The Week in Fact-Checking: Some alternate ideas on alternative facts
When President Trump’s Counselor Kellyanne Conway told Chuck Todd that the White House press secretary had presented “alternative facts,” she probably didn’t suspect her formulation would fill headlines around the world (and apparently help sales of “1984”). Beyond guffawing at unfortunate formulations, however, interviewers should come better prepared to hit back at falsehoods with facts.
Quote of the week
“By requiring subordinates to speak untruths, a leader can undercut their independent standing, including their standing with the public, with the media and with other members of the administration. That makes those individuals grow more dependent on the leader and less likely to mount independent rebellions against the structure of command. — Bloomberg View columnist Tyler Cowen
GIF of the week
Peruvian investigative outlet Convoca looked at the status of promises made by the new president in his first 100 days in office.
What to do after the Women’s March? Fact-check!
A Huffington Post columnist has some next steps for people who took part in the Women’s March on Washington last weekend, including this: “Fact-checking must be relentless, and the onus is on all of us.”
Fact-checking begins with skepticism
A Florida journalist explains how he’s teaching his kids to recognize truth by teaching them to be skeptical. And check out this ad designed to encourage skepticism and fight fakery.
If misinformation is a disease, develop vaccines
Researchers from the universities of Cambridge, Yale and George Mason published a study suggesting that actively flagging misinformation may help prevent its spread. Or, in their words, “pre-emptively warning people about politically motivated attempts to spread misinformation helps promote and protect (‘inoculate’) public attitudes about the scientific consensus.”
Just what we needed: more fakery
It appears we now need to be on alert for bogus fact-checkers of bogus information. The Guardian looks at such a situation in Sweden, and provides some insights on how to tell the difference between official fact-checkers and fakers. And Wired takes a look at fake “think tanks” that fuel fake news.
‘Fake news’ or a ‘social experiment’?
The people behind an Illinois-based “satirical” website call their content a “middle finger of an art project.” But stories on the site have provoked confusion among local residents.
Fact-checking resources: lexicon, good reads, database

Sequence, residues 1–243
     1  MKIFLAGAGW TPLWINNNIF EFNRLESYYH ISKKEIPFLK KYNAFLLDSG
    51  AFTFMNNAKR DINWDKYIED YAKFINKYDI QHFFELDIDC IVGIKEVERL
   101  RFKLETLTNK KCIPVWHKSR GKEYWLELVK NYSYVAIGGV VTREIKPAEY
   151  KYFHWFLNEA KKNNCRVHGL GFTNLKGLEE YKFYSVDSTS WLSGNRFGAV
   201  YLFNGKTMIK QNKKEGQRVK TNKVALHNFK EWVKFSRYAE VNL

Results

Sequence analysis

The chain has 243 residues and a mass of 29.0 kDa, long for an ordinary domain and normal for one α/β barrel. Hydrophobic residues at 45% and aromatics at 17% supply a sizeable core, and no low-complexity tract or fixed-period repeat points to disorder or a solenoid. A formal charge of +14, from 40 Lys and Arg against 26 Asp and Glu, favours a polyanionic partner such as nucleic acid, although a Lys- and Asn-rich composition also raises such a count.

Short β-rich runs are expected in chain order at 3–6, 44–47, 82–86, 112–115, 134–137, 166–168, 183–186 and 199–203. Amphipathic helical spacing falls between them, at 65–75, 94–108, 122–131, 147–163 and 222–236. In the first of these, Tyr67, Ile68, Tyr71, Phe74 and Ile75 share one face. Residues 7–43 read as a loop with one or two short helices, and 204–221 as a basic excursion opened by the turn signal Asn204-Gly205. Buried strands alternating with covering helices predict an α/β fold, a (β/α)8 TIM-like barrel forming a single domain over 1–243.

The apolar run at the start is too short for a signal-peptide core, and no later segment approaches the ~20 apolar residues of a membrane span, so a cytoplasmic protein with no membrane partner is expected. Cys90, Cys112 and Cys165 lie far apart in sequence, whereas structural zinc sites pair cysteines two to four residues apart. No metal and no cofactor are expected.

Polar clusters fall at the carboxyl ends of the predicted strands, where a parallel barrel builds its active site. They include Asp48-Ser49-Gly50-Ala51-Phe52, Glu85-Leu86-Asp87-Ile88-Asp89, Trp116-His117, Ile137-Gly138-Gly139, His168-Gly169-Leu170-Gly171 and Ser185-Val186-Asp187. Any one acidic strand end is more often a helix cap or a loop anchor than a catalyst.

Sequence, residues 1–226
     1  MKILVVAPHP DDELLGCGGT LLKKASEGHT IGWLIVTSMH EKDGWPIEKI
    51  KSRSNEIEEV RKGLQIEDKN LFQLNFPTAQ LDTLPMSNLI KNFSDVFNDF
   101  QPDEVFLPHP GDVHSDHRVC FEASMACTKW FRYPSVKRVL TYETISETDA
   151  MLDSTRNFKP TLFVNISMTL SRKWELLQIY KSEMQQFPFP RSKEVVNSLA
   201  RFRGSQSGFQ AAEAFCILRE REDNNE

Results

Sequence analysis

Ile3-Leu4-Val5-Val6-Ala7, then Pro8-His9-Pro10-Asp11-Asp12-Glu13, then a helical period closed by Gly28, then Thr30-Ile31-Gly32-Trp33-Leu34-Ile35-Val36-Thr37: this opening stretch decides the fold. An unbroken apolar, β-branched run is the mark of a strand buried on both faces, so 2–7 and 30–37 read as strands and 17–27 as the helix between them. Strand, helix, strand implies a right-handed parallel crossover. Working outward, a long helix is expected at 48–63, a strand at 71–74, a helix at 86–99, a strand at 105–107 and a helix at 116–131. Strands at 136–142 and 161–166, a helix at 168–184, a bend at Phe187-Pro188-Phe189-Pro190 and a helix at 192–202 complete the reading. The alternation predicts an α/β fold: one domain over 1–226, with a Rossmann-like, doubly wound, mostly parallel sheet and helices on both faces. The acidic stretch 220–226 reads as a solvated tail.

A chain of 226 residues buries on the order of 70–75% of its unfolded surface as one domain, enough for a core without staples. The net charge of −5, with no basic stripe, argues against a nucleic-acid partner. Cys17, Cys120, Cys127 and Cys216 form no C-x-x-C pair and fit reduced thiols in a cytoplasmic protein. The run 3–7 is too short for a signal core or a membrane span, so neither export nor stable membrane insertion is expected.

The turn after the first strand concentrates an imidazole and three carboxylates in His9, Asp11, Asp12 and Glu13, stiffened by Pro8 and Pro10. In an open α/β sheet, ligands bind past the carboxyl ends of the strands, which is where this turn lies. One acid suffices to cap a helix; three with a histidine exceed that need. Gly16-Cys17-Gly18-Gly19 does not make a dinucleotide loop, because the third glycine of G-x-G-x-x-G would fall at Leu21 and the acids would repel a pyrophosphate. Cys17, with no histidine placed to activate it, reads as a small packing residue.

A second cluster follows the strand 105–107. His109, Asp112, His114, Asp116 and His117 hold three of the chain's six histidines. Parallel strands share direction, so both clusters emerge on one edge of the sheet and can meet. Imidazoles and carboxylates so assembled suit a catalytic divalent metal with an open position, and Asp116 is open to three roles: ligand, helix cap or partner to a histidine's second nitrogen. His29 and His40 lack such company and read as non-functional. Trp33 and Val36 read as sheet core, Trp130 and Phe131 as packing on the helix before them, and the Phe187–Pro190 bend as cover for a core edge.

Le Monde has put together a small dictionary of key terms for 2017. We want your suggestions for this reading list on truth and facts. And also by Le Monde: an upcoming database of 600 sites that publish misleading, satirical or fake news.
Tech giants vs. fake news peddlers
Google has banned 200 publishes from AdSense (ReCode), while Facebook is tweaking its Trending box. Among other things, the company told BuzzFeed, Trending will filter out “viral” stories that appear on only one outlet.
A Vatican expert says writers got a few things wrong in “The Young Pope” film. On the other hand, a Vox writer attending the Sundance film festival says movies could help us all “make sense of a post-truth world.”
Some fact-checking fun
Did you hear that the new White House administration has created 10 million fact-checking jobs? Or is it 10 billion? Read all about it.
Quick fact-checking links
(1) Quartz fact-checks President Trump’s official White House biography. (2) Here’s what an Irish fact-checker learned from last year’s elections. (3) Snapchat will crack down on misinformation in advance of its anticipated IPO. (4) Will a known hoaxer be allowed into the White House press corps? (5) These college professors have developed a syllabus for “Calling Bullshit in the Age of Big Data.” (6) Job alert: Scottish co-op The Ferret is hiring a fact-checker. (7) A falsehood-riddled book about Donald Trump has been removed from the Smithsonian gift shop. (8) The IFCN fact-checker fellowships were under way this week, with Chequeado visiting Full Fact, and Lupa visiting El Objetivo. (9) Talking to fake news producers in the Philippines. (10) For teachers: a lesson plan to fight fake news.